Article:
More than 115,000 New Zealand criminals have been allowed to
hide convictions including fraud, bestiality, and indecent
assault from prospective employers under a law that came in a
The Clean Slate Act allows people with less serious
convictions to have them concealed if they have been
conviction-free for seven years and meet other criteria.
More than 115,000 people have had their criminal record clean
slated since the act came into force in November 2004.
Among the convictions concealed were assault on a child with
a weapon, drink driving causing death, burglary, and indecent
Convictions for tax fraud, bestiality, and stabbing were also
One Auckland criminal had the luxury of concealing their
former crimes, despite having racked up a staggering 232
convictions -- the highest number concealed under the act.
To be eligible for a clean slate, someone must have been
conviction-free for the last seven years, never received a
custodial sentence, and not be convicted of a "specified
Specified crimes include sexual offending against children
and the mentally impaired, and can never be concealed.
Business New Zealand chief executive Phil O'Reilly said
employers should always be able to see applicant's history.
"If you've had a dishonesty offence ... and a small retailer
is going to employ you behind the cash till, that's directly
relevant, whether it's one or 282," he said.
"For many small businesses that's their income, it's them and
their house and the wellbeing of their family that's at
However, Pathways Trust reintegration manager Carey Ewing
said the clean slate law allowed former criminals to put
their mistakes behind them.
"New Zealand can be a particularly unforgiving environment
... [and] I don't think any of us would like to live a life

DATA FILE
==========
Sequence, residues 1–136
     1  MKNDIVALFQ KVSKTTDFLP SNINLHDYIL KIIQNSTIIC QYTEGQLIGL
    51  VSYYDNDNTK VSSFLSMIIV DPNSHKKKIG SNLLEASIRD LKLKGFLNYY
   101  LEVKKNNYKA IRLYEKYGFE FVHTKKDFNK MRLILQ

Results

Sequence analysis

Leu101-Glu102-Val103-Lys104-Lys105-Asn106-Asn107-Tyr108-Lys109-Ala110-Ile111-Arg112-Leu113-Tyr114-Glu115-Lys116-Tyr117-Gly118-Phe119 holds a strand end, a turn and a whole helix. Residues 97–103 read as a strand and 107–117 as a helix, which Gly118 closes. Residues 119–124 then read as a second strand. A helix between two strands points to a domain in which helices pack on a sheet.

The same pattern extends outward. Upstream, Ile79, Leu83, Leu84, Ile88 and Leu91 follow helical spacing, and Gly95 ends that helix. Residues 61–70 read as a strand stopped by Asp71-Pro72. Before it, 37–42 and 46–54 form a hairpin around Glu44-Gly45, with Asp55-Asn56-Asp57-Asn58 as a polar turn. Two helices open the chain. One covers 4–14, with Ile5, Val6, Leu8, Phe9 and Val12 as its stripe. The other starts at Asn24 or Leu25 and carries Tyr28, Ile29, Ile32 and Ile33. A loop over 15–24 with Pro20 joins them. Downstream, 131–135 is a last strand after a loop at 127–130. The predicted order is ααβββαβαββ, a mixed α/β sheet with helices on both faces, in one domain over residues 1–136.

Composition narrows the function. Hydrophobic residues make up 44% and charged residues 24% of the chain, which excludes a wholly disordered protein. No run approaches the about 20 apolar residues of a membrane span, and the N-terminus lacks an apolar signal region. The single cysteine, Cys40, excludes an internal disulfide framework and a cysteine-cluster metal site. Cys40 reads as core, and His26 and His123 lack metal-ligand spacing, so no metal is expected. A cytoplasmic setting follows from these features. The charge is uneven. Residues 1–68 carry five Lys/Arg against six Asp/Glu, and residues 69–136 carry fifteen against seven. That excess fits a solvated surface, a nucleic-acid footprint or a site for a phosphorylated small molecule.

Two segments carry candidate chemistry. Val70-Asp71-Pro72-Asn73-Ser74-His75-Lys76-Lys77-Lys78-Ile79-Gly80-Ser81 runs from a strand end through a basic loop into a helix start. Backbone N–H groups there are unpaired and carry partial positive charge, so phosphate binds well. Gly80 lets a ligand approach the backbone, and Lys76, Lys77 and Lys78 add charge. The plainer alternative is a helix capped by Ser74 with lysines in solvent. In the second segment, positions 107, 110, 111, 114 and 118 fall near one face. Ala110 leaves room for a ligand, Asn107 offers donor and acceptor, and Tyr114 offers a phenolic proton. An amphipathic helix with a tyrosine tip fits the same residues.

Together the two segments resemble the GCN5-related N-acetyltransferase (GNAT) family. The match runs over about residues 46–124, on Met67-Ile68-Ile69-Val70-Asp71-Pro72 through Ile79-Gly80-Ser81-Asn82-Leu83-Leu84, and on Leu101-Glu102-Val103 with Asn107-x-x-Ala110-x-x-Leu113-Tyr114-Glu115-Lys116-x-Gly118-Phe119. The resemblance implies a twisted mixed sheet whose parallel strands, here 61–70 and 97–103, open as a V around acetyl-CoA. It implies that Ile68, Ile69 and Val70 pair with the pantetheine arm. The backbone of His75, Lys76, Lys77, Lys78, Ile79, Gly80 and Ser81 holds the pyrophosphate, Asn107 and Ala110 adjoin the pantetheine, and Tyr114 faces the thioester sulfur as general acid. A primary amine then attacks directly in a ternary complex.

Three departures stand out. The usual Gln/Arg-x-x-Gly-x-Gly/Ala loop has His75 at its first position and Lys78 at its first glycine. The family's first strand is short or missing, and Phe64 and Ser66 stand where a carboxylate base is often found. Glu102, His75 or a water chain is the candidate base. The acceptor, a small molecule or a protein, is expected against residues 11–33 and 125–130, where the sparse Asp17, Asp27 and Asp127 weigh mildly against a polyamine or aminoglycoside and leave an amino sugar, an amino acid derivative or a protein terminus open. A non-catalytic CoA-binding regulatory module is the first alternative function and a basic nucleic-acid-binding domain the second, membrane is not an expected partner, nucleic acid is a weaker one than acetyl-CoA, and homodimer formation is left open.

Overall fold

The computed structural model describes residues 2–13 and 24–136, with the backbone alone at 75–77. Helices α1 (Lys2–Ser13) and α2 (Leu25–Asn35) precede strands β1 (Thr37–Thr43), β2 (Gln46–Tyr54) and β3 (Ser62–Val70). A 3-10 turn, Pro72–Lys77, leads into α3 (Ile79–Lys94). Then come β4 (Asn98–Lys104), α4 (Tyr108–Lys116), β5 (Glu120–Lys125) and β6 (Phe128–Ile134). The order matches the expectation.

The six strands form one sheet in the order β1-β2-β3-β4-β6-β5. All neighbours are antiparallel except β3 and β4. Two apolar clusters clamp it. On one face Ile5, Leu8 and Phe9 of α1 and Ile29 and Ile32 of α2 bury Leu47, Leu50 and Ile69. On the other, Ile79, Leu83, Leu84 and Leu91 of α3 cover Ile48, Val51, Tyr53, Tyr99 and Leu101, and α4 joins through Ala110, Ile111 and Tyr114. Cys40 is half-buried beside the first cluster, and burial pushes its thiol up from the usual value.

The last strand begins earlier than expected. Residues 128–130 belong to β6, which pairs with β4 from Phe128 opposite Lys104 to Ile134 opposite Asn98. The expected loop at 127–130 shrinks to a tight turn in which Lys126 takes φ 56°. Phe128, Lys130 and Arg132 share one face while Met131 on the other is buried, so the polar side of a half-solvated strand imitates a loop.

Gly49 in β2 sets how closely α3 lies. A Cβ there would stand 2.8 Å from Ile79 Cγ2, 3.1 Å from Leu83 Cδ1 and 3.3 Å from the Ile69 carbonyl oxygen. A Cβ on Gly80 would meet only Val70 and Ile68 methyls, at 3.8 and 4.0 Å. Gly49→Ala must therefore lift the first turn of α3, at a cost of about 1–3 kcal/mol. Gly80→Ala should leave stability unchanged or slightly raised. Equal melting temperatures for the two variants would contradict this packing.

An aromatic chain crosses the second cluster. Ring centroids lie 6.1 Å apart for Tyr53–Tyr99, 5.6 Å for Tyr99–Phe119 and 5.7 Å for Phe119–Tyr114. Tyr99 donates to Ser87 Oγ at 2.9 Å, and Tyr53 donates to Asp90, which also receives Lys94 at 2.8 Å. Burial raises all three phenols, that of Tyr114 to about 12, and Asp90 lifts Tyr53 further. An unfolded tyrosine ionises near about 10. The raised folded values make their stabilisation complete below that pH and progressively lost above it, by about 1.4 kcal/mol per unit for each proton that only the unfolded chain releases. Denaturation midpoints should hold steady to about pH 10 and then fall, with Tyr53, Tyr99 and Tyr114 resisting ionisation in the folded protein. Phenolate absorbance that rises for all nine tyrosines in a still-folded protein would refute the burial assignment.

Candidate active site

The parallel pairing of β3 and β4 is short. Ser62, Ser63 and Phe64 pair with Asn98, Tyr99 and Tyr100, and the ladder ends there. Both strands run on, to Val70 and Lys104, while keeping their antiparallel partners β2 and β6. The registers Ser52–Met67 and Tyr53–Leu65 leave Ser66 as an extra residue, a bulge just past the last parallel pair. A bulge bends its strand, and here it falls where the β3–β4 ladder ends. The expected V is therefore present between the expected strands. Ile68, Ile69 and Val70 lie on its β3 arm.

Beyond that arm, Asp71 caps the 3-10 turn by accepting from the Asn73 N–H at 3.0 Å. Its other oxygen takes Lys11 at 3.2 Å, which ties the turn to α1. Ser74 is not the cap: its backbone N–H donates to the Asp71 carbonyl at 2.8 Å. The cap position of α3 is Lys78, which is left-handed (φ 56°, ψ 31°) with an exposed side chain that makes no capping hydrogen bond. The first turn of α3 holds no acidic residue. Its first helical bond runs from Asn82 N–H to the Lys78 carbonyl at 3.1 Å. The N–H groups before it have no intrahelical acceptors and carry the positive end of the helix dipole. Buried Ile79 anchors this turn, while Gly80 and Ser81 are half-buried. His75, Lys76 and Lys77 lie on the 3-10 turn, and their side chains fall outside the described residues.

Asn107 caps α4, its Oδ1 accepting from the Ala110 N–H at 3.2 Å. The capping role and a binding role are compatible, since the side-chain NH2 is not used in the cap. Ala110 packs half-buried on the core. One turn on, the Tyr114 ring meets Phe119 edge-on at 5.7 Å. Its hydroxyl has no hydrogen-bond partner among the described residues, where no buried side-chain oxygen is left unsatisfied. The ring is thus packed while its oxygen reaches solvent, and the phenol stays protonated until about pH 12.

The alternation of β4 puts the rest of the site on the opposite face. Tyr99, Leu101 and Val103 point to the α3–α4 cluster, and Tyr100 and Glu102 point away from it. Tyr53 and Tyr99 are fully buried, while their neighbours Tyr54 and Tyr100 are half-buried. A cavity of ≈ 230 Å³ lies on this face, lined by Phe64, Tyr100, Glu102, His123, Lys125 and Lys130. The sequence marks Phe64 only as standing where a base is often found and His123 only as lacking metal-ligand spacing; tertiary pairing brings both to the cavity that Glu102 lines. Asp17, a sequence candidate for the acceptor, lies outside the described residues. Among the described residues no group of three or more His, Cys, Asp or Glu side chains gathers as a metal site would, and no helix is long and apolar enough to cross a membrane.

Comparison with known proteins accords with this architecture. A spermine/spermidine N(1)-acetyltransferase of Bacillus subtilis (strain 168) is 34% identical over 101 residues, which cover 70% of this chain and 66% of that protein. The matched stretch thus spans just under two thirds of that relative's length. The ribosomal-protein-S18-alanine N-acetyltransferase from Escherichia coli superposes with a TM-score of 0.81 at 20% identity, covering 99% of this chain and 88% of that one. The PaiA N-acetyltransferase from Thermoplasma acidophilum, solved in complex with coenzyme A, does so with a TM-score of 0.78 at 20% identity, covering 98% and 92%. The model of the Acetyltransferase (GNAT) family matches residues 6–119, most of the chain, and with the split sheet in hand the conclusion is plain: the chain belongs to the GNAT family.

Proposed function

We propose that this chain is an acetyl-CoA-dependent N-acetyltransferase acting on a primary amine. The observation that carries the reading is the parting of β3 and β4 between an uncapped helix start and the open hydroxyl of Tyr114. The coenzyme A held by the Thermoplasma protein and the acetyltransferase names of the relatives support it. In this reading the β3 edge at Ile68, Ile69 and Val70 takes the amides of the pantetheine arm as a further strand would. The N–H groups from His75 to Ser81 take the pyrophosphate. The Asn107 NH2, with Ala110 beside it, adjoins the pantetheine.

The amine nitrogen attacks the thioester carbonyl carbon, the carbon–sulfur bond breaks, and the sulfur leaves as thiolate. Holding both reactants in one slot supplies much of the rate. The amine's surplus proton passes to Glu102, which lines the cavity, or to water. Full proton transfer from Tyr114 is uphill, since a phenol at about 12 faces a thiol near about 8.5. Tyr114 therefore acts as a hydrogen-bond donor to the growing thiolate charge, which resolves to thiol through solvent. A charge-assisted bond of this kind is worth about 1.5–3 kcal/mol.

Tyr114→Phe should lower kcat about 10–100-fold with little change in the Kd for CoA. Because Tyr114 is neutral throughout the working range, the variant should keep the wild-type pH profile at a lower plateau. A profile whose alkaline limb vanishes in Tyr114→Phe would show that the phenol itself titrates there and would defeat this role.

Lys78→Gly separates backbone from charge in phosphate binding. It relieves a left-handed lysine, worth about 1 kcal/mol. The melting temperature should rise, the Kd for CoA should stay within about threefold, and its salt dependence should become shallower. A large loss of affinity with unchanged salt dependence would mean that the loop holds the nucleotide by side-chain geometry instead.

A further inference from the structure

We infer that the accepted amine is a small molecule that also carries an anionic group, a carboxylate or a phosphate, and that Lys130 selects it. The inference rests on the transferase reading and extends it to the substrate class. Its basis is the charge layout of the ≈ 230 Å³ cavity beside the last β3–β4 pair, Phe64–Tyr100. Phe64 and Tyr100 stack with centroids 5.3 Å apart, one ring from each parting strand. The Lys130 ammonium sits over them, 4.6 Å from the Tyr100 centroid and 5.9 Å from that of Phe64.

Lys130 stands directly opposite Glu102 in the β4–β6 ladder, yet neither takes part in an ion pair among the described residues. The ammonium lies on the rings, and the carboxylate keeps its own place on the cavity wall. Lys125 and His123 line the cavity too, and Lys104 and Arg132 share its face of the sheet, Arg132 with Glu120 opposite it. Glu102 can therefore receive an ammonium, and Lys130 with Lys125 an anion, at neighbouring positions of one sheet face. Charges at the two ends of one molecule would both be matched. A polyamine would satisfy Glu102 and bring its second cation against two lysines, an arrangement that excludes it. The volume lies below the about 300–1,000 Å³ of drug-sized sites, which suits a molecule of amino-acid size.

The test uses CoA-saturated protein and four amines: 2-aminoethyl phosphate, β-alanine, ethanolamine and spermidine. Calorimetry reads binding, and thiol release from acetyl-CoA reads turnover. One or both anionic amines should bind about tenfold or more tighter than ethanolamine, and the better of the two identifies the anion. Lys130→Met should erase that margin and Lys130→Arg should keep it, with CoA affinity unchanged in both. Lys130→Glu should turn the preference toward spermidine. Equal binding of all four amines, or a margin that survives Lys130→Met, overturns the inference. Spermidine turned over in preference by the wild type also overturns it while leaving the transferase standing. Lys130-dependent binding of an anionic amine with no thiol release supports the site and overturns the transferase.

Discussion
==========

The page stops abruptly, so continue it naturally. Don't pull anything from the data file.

where we were solely judged upon the mistakes we made in the
Exaggerated media coverage of criminal offending had helped
fuel Kiwis' beliefs that people didn't change and the longer
offenders went to prison, the better.
A clean slate gave someone opportunities that public opinion
would not, he said.
The clean slate process is automatic, but only applied when a
criminal history request is made to the Criminal Records Unit
-- which processes about 450,000 requests a year.
While clean slate histories are hidden from most employers
making an enquiry about a criminal record, convictions are
still disclosed in applications for jobs as police, judges,
and roles involving the care of children.
Criminal histories are also visible to law enforcement
Because New Zealand legislation doesn't bind foreign
governments, convictions are also visible to overseas
By the numbers
Number of eligible people for whom an application for
criminal conviction information has been clean slated since
November 2004: 115,079
Clean slate recipient with largest number of convictions: 282
Source: Ministry of Justice
- By Cassandra Mason of APNZ